U.S. households hold the least municipal debt since 2008, and are instead stockpiling the most cash in at least four years, offering a cushion for the $3.7 trillion market as yields reach an 11-month high.
Individuals buying local debt directly through brokers, instead of using vehicles such as mutual funds, cut municipal assets to $1.68 trillion at year-end, Federal Reserve data show. While that’s still the single biggest chunk of the local market, it’s the lowest since March 2008. Holdings fell as local yields dropped in 2012 to levels unseen since the 1960s.
With the U.S. jobless rate at a four-year low and the Dow Jones Industrial Average setting a record high, 10-year Treasury yields will rise about a half-percentage point to 2.5 percent in a year, according to the median forecast of 61 analysts in a Bloomberg survey. An increase of that size will draw investors back to tax-exempt borrowings, said George Friedlander, head of muni research at Citigroup Inc. in New York.
The cash pile “provides a real cushion for the municipal market, specifically in a rising-rate environment,” said Friedlander. “Any significant increase in yields, and you will get a bounce in direct retail demand.”
Even as the Fed keeps its benchmark rate near zero, where it has been since 2008, money in foreign deposits, checking and savings accounts and money-market funds tallied $10 trillion at the end of 2012, the most since at least 2008, Fed data show.
“There is this massive pool of uninvested retail-investor funds which will support the municipal market at some point, if rates go back up,” said Friedlander, whose firm is the third-biggest U.S. bank by assets.
Buyers started shying away from tax-exempts in December as yields fell to 47-year lows. Treasuries led a fixed-income rally last year as investors sought a haven from global credit concerns. Both markets have lost money this month, with munis declining 0.7 percent and Treasuries 0.6 percent, Bank of America Merrill Lynch data show.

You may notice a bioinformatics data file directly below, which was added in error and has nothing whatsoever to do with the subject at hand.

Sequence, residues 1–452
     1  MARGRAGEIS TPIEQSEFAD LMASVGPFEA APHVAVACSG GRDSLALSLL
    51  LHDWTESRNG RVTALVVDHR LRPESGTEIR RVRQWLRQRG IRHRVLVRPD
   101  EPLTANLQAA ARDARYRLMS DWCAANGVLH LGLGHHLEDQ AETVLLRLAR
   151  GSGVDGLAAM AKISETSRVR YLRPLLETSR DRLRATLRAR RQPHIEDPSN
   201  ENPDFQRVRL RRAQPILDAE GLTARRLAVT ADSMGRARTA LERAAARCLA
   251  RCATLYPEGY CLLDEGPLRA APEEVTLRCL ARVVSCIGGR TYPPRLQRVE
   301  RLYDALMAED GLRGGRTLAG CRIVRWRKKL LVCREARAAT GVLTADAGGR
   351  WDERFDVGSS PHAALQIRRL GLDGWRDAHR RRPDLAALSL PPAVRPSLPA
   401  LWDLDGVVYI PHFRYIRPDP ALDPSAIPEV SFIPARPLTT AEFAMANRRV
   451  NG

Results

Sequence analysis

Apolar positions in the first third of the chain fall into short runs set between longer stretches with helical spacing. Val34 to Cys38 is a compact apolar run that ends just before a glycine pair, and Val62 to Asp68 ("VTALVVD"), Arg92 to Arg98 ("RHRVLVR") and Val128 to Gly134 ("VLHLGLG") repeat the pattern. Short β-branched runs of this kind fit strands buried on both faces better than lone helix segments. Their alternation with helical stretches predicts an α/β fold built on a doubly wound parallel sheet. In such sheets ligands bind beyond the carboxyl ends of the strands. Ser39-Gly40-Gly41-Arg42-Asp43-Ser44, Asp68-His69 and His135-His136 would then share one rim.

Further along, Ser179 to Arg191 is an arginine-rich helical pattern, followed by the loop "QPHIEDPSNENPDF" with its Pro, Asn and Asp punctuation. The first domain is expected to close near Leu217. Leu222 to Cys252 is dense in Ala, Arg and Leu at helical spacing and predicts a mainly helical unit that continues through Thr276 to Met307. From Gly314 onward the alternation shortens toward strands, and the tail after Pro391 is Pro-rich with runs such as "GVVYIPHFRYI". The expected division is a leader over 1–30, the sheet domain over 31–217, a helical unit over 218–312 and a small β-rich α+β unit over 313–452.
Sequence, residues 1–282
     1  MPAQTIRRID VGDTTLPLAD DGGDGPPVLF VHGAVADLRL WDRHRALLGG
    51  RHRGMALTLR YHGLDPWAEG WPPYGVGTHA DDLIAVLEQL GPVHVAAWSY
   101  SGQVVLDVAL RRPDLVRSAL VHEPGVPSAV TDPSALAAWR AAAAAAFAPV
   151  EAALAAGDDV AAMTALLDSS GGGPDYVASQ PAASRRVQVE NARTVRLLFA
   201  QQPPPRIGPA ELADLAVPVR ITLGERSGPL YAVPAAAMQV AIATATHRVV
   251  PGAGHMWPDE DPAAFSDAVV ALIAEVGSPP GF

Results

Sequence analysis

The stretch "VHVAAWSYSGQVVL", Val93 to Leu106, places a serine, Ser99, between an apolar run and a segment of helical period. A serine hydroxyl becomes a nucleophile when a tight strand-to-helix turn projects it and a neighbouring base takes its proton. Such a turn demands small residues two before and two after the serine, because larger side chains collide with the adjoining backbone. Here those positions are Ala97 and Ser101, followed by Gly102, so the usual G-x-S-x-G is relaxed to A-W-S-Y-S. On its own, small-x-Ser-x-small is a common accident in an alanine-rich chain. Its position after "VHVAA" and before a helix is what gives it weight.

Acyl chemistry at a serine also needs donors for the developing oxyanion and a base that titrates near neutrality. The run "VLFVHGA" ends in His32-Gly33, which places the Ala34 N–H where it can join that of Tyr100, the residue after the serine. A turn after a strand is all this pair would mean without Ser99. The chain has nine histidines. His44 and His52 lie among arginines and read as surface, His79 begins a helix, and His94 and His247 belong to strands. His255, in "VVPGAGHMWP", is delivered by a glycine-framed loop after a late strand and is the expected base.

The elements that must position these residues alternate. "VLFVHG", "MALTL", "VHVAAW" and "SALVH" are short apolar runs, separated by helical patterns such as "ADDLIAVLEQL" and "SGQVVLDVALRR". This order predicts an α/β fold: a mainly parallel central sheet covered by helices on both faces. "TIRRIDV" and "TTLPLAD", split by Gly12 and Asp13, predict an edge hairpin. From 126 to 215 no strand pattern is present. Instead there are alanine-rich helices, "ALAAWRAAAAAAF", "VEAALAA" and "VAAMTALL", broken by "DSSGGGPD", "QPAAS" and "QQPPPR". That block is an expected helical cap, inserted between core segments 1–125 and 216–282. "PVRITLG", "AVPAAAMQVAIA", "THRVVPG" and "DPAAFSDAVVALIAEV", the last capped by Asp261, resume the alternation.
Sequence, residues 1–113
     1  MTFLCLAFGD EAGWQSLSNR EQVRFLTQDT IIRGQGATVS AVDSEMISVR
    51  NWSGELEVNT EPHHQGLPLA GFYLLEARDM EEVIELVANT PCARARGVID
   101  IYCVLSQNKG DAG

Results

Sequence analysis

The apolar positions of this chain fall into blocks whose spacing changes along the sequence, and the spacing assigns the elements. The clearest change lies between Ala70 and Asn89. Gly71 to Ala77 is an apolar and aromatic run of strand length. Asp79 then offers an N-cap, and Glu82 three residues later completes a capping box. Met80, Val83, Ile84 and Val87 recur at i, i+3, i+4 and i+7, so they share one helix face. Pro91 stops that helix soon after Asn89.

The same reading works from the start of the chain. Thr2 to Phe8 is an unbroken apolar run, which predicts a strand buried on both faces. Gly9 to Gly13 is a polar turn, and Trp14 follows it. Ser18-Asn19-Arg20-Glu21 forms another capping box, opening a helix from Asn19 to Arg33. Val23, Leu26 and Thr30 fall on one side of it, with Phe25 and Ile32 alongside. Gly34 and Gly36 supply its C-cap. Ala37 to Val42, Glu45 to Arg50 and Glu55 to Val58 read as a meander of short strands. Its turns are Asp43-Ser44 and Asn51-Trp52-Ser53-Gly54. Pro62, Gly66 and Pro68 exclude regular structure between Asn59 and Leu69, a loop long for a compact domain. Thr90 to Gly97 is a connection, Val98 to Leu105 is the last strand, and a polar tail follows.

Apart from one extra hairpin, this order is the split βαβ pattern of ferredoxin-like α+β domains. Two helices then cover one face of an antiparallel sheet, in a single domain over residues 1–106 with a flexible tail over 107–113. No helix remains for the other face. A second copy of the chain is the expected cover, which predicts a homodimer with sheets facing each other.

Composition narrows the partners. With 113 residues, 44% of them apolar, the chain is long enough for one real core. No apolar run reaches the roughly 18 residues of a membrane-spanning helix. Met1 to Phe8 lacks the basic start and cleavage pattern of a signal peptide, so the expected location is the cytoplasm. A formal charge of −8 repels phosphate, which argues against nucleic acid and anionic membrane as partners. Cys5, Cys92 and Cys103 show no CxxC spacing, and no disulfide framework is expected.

Yields on 10-year benchmark munis rose to 2.07 percent yesterday, the highest since April, Bloomberg Valuation data show. Benchmark Treasury notes maturing in 2023 yielded about 2.02 percent.
The tax-exempt benefit of munis will help the securities compete against federal debt, corporate bonds and other fixed-income securities, Mark Maroney, global head of munis and securitized products at RBC Capital Markets LLC in New York, said in an interview.
Increased tax rates provide another incentive for individual investors. For those in the highest tax bracket, 39.6 percent, the benchmark 10-year muni yield equals 3.43 percent on a taxable basis, Bloomberg data show.
“In a rising rate environment, it will be munis that will rebound quicker as assets start to make their way back to fixed-income product,” Maroney said.
Combined muni holdings of investors subject to individual tax rates, or households, mutual funds and money-market funds accounted for 71.2 percent of the tax-exempt market in 2012, down from 74.5 percent in 2008, Peter DeGroot, an analyst at JPMorgan Chase & Co. in New York, wrote in a March 8 report.
“Retail investors do engage more aggressively in the municipal-bond market at higher yield levels,” he said in an interview. “Should rates rise materially in the future, that would be additive to demand from the retail sector of the market.”
About 77 percent of U.S. households face higher taxes after Congress in January ended a payroll tax cut and boosted income-tax rates on households earning $450,000 or more to 39.6 percent from 35 percent, according to the nonpartisan Tax Policy Center in Washington.
The higher the tax rate, the more individuals will seek munis for their exempt status, DeGroot said.
“Increases in taxes at the federal level, as well as state and local level, will definitely over time increase the proportional ownership of municipal securities by investors who are subject to those individual tax rates,” DeGroot said.